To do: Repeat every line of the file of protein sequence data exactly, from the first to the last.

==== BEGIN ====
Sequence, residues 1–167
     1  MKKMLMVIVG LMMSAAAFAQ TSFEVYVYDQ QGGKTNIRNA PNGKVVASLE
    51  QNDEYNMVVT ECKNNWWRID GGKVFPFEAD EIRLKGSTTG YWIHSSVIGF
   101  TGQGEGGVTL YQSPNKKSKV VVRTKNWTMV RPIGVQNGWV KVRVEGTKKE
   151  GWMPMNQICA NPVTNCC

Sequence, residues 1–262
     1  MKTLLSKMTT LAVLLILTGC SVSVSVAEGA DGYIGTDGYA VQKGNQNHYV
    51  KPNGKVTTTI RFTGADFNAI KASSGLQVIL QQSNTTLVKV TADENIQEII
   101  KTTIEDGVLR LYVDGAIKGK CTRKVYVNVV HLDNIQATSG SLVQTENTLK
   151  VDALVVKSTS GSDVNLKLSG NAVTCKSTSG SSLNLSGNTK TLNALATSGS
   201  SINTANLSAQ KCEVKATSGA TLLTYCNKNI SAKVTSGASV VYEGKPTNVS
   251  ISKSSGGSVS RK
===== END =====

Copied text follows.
Sequence, residues 1–167
     1  MKKMLMVIVG LMMSAAAFAQ TSFEVYVYDQ QGGKTNIRNA PNGKVVASLE
    51  QNDEYNMVVT ECKNNWWRID GGKVFPFEAD EIRLKGSTTG YWIHSSVIGF
   101  TGQGEGGVTL YQSPNKKSKV VVRTKNWTMV RPIGVQNGWV KVRVEGTKKE
   151  GWMPMNQICA NPVTNCC

Sequence, residues 1–262
     1  MKTLLSKMTT LAVLLILTGC SVSVSVAEGA DGYIGTDGYA VQKGNQNHYV
    51  KPNGKVTTTI RFTGADFNAI KASSGLQVIL QQSNTTLVKV TADENIQEII
   101  KTTIEDGVLR LYVDGAIKGK CTRKVYVNVV HLDNIQATSG SLVQTENTLK
   151  VDALVVKSTS GSDVNLKLSG NAVTCKSTSG SSLNLSGNTK TLNALATSGS
   201  SINTANLSAQ KCEVKATSGA TLLTYCNKNI SAKVTSGASV VYEGKPTNVS
   251  ISKSSGGSVS RK